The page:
Strength Training You Can Do At Home


Lives are getting busier and it’s hard to fit in work, kids, couple-time, AND exercise.  So my husband and I decided to combine a few things and try getting stronger at home together. All we needed was some basic equipment, a systematic approach, and a positive attitude. 

You can check out our article about couples working out at home together and our workout plan here. After following this plan together for a month, we thought we’d share a little more about how we started and the progress we’re making.

Make a Plan

First of all, we made a plan. It includes exercising a major body part, such as your chest, and a smaller one, such as triceps, together on one day. For each body part, we choose three exercises and complete three sets of repetitions which increase, or decrease, in quantity each day. This allows us to systematically increase weight over time, while differentiating the quantity of repetitions. In doing this, we keep our muscles guessing as to how hard they will have to work every day and don’t let them get comfortable with a set routine.

Make it Attainable

Small steps is the key to this workout. The book that helped inspire this workout plan is ‘Atomic Habits’, by James Clear. If you are looking for something to help set you up for success, this is it! In his book, Clear mentions the 1% rule. Basically, by looking for very tiny improvements and repeating them consistently, over time they add up to huge results. Therefore, John designed our program to start with very light weight. 

Now John has worked out with weights for a long time, however, he had never used this approach before. What he noticed was that the workout was very easy at first. He got through his first one quite quickly. By not taking up too much time, he felt as though he was able to schedule it into his daily routine. When it came time to exercise, he did not have that, “Oh, I don’t think I have time for this.” Instead, he knew he could get it done with minimal effort. 

Now you might be thinking, “Isn’t the point of working out to put in a lot of effort? Well, we would argue that starting with easy, quick workouts, and then consistently increasing effort in very small amounts is more effective over time. This also helps to prevent injuries as it allows your muscles to slowly adapt to these exercises, especially if you haven’t done them before.

Be Consistent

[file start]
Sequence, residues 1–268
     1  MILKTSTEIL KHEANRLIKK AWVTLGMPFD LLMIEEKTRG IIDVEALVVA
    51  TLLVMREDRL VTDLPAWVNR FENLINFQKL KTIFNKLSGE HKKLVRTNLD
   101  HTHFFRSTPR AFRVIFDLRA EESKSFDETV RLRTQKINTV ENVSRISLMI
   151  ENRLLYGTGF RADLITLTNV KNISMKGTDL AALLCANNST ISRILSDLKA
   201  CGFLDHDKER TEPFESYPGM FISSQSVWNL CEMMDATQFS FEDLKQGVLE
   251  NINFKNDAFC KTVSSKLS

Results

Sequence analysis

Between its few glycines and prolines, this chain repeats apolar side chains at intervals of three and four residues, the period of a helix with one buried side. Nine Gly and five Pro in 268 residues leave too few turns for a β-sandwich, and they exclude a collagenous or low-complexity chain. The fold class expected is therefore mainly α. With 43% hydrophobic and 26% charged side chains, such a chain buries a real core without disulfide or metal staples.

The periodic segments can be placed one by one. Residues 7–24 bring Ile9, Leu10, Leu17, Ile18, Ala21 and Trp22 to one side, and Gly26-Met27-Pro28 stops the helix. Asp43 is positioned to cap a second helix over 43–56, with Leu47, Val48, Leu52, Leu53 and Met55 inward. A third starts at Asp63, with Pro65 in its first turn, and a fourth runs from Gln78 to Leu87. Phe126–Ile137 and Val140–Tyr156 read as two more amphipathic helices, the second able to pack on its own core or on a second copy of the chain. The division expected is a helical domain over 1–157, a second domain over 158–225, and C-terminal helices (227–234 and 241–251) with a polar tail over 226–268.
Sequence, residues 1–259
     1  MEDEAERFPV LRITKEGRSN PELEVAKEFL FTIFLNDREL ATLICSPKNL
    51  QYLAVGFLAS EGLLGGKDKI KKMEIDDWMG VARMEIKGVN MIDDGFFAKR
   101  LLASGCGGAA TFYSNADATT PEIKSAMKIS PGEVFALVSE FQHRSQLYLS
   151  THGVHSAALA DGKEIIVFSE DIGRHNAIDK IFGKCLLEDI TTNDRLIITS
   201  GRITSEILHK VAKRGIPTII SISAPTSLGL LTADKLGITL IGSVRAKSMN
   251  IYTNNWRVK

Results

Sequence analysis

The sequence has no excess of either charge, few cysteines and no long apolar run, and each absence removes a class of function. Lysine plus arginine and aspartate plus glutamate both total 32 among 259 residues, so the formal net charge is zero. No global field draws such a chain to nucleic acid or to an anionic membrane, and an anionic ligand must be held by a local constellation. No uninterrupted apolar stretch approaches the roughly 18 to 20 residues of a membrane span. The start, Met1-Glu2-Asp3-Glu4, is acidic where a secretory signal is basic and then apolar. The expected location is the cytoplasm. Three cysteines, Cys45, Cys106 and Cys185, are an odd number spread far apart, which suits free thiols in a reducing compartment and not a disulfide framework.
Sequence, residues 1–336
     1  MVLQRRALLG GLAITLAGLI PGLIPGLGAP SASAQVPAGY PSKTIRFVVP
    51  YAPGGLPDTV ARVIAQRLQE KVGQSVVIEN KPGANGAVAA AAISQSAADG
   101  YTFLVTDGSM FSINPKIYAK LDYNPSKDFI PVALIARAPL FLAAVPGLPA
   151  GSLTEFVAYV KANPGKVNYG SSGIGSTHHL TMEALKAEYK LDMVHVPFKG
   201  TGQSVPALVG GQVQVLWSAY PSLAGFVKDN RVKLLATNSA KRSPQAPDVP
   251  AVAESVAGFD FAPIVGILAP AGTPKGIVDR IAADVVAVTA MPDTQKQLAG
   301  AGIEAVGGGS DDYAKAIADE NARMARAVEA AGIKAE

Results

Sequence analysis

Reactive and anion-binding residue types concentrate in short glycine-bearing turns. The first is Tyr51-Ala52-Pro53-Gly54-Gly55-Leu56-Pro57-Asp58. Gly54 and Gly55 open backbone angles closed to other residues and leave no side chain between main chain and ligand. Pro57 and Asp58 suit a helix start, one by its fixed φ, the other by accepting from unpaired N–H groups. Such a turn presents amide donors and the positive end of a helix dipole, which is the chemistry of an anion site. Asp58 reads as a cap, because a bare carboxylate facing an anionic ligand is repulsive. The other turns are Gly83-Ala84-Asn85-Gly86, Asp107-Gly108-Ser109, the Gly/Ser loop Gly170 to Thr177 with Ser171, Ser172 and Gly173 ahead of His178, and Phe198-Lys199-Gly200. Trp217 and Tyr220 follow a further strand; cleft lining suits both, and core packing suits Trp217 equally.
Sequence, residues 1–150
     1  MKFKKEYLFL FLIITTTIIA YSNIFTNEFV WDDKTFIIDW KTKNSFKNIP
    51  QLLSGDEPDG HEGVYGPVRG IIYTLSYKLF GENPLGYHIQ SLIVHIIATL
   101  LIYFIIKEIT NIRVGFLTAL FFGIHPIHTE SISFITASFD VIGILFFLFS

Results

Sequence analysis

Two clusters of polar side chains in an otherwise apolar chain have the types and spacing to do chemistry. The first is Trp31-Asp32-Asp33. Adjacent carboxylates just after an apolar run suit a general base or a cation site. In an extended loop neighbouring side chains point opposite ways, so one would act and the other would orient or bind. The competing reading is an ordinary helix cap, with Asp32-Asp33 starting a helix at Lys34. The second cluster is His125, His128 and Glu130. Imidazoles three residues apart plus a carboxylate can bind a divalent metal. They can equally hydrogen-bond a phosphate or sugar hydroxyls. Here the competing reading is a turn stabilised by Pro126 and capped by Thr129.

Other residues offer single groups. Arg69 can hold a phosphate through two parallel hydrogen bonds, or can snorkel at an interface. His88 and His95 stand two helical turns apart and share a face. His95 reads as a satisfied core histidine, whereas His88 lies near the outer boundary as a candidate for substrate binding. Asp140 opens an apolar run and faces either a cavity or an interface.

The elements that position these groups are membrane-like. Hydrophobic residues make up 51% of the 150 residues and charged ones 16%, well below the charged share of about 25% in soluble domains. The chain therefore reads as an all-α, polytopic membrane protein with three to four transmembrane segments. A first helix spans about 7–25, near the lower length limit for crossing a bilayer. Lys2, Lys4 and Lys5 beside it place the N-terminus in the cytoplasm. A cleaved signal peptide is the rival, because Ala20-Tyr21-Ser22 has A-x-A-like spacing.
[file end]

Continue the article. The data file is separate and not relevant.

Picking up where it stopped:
Next, we needed to create habits to be consistent with our workouts. This is another huge key to seeing results. We told ourselves that we would work out every day, no matter what, and never miss it twice! 

We recently moved houses, (within the same city) and because we were working out from home, we had to move our equipment to the new house. However, we left our home gym set up until the very last day and worked out the night before the move. 

The day of the move was absolute chaos with boxes piled up everywhere so our focus was to get beds set up for our two boys and ourselves. After a very long day, we were so exhausted that we did not get to work out. The very next day though, John headed out to the garage, cleared a spot, and set up the gym enough for us to complete a workout. Here is what it looks like now:

Having the gym setup kept the momentum going and we were back on track! Sometimes life will put up barriers in your path, but if we plan for these obstacles we can make sure they don’t keep us from doing what we want.

Systems, NOT Goals

Set up a system, NOT a goal. Goals don’t get you to where you want to be. Clear also mentions this in his book. Goals are the end results achieved after all the work is done. Systems move you toward goals. Everyone can have the same goal, to win a championship, for example, but only a very few achieve that reality. Why is this? It is because when you set up a system it helps you create actionable routines which add up over time. When this is progressive and consistent, positive results are unavoidable.

Our system is simple. We have a set plan as mentioned above. We make it attainable by starting off with very light weights and slowly increasing them over time. And we make it a priority to work out every single day, no matter what. (Never miss twice!) 

With this system in place, we don’t really have to worry about setting goals such as, “I will lose 20 lbs”, or “I will be on the cover of a magazine”. Instead, it has become our lifestyle, and we can enjoy watching the progress our bodies make over time. 

Keep Track of Data

Finally, make sure to keep track of your progress. Using spreadsheets helped us keep track of our plan as well as progress. Having a digital copy allows us to access it from either of our laptops or iPhones, but you could use whatever method works best for you. 

It gives us the information we need to know how much to lift each day so that we are not just going to the gym and guessing what we should be doing. This minimizes the time spent exercising, gives us clear guidance as to what to do, and allows us to get on with our day. 

Collecting data over time also allows us to see the progress we have made from the start. I wasn’t able to lift a 45 lb bar for my bench press when we started, and now I’m able to complete three sets of 12 with 50 lbs!!

There is also psychology behind creating streaks. When you have worked out for 14 days in a row, it makes it that much more important to do the next workout. And when those days come around where you absolutely are not able to get a lift in, then starting a new streak is fun too!


CLEAR, JAMES. ATOMIC HABITS: an Easy and Proven Way to Build Good Habits and Break Bad Ones. RANDOM House BUSINESS, 2019.

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